From Fleckenstein --
"At its peak, the stock market measured nearly 180% of GDP, and it's still about 130% of GDP. For those who don't know, at the peak in 1929 -- our previous biggest bubble -- stock prices to GDP were only about 90%. Also, aggregate debt in this country relative to GDP is higher than it was in the late 1920s. Back then, we ran a trade surplus with the world, and now of course we have a massive trade deficit. The situation is far more precarious now than it was in the late 1920s, and we still have a long way to go in terms of letting the air out of this bubble. That's for those who think nothing bad can ever really happen here."
SPD = Summary Plan Description.
Every qualified retirement plan with an IRS Determination Letter (approval letter) is required by law to give one to all eligible employees. It is usually given out with insurance materials or is in a company handbook. It has the official name of the plan, the ER ID #, your rights as a participant, plan highlights and features, etc.
<< My husband has a 401K and it's required to have 60% of it in company stock. >>
I find this hard to believe... I don't think it's legal... maybe the employer MATCHES are in company stock and have to stay there -- the matches represent money that your employer doesn't have to give you anyway. The money that YOU contributed is yours do do what you want with. You can withdraw it and pay the IRS penalty... more likely you can move the money into a safer investment vehicle.
I'd stop contributing to this scam 401K program if you can only buy company stock with your contributions.
I've worked with qualified retirement plans for 20 years and I've never heard of a plan requiring that a certain percentage has to be in ER stock.
They would be within their rights to match in ER stock and not allow you to convert as was the case w/ Enron.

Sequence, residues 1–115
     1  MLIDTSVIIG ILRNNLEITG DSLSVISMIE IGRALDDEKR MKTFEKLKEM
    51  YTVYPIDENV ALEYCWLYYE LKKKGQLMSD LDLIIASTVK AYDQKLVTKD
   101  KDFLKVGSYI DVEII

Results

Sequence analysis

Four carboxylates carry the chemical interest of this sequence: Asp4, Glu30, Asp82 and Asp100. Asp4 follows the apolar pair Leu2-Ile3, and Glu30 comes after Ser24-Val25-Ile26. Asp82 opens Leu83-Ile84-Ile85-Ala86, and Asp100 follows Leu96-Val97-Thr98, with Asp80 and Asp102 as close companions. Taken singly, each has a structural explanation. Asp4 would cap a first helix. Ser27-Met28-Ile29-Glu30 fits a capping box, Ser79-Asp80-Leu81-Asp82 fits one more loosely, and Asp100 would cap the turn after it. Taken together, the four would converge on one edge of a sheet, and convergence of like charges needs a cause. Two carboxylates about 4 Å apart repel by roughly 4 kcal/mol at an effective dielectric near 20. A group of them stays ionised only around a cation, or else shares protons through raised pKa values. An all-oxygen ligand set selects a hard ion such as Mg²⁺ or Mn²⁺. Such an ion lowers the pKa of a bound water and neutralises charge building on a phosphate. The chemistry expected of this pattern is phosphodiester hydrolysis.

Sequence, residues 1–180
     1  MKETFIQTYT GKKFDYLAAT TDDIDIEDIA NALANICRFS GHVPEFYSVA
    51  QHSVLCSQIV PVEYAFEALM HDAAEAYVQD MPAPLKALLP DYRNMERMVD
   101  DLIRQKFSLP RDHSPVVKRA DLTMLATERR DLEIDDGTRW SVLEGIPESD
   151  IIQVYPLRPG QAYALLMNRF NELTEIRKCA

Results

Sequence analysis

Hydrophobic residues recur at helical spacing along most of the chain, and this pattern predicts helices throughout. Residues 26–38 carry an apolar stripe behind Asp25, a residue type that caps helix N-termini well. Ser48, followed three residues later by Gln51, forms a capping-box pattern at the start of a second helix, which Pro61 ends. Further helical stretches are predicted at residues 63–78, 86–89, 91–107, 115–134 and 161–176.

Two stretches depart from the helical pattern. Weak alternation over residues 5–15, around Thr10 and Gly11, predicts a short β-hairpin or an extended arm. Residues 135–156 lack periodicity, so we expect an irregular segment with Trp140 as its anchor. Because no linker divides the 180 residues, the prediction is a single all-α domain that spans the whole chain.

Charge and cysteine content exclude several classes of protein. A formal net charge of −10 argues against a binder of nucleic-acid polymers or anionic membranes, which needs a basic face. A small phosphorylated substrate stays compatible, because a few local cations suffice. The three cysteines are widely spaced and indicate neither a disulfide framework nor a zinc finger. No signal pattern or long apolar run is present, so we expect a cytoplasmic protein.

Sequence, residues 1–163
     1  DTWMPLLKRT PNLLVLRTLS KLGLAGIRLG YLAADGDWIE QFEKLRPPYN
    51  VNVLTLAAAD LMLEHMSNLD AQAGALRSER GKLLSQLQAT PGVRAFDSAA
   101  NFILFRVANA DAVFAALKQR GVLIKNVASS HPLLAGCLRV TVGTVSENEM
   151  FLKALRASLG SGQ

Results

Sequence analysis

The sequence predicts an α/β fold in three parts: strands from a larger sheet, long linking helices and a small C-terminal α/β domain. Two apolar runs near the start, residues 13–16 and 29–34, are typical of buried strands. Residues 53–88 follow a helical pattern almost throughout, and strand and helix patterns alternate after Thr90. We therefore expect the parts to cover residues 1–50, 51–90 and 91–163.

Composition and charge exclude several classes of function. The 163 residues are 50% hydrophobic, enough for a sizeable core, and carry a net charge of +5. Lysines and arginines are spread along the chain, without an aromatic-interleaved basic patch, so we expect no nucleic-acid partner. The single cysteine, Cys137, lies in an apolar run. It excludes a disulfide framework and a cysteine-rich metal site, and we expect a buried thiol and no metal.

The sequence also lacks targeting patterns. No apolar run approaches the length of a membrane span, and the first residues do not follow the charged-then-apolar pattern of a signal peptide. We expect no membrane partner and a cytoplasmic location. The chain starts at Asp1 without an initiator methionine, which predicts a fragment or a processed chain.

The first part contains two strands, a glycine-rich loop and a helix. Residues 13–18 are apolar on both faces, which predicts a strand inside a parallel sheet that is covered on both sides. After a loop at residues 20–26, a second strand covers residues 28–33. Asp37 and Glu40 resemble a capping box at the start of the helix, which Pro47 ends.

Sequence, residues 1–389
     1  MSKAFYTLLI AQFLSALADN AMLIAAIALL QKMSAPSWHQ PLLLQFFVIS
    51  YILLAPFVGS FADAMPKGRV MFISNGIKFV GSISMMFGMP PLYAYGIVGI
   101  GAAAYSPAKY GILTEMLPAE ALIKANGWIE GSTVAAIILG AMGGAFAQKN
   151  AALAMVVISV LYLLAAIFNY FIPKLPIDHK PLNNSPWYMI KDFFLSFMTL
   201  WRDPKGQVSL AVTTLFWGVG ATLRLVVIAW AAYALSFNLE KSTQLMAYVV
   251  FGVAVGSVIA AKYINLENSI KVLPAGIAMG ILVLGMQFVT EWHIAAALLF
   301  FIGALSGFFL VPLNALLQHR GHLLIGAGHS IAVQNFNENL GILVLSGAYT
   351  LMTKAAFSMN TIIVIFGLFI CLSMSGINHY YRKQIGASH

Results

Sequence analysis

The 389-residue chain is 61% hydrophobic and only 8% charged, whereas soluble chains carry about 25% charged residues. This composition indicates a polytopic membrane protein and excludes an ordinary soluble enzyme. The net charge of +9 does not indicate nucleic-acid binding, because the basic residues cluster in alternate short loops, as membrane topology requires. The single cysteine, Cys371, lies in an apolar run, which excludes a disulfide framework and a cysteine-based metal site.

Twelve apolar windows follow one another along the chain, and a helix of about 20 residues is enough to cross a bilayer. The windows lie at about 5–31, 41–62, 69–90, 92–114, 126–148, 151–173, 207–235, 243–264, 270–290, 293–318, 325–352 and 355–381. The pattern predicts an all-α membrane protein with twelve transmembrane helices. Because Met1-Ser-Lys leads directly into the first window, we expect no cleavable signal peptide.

You should have an SPD on the plan. If not, call the HR dept and request one. If they don't give you one, call your nearest DOL office.
My husband has a 401K and it's required to have 60% of it in company stock. Can only change that at age 65 and 10 years with the company. Hope the law changes so he can lessen this percentage, but right now he has no choice.
"...With Cisco, JDS Uniphase, I get the impression that the accounting was probably OK, and the decline was due more to general economic conditions and perhaps some mismangement...but not fraudlent..."
Egregious accounting, but not evidently illegal as in ENE. Still bad enough.
The one to really watch is Telecomm Carrier accounting. Track the story of GX and the issue of Indefensible Right to Use (IRU) and resales amongst various carriers.
FBI is investigatng GX and possibly A.A., although it may turn out that what was done is egregious, legal, but unexpected. Nonetheless, could further dampen overall investor confidence if findings suggest nefarious dealings.
One other point: Don't follow telecomm carrier stock price as an indication of where this maybe headed. My opinion is that it's not priced in (certain of) the telecomm equities. WS will deflect the issue as much as possible. You might see a lot of yoo-yoo action.
<I don't see why the collapse of Enron stock is so much different than the collapse of Cisco stock...lose 80% or 100%... not much difference between the two. Or JDS Uniphase, down more than 95% from it's high>
I have not paid a whole lot of attention to all of the details, but my general impresssion is that the primary difference was that Enron's accounting was much more misleading, (probably fraudlent) and secondarily (not quite as bad) they loosely gave much more of other peoples money (i.e. the stockholders)to the politicians for political favors or for whatever reason. Also I get the impression that these high paid Enron executives spent too much time with their country club living, and and not enough time tending to business and did not know what was going on as to the status of the company and how to run the business effectively and efficiently.
With Cisco, JDS Uniphase, I get the impression that the accounting was probably OK, and the decline was due more to general economic conditions and perhaps some mismangement...but not fraudlent.
Of course the court's will decide if Enron was fraudlent.
I don't see why the collapse of Enron stock is so much different than the collapse of Cisco stock...lose 80% or 100%... not much difference between the two. Or JDS Uniphase, down more than 95% from it's high.
<.....the employees must take some blame for lack of diversification; illegal activities or not.>
My thoughts exactly..... but how many times have you heard the demagogues in the Congress and the media say this?
I agree that Enron was/is an awful fiasco....but I see most of our current politicians and media commentators as being PP too). (PP stands for politically pathetic)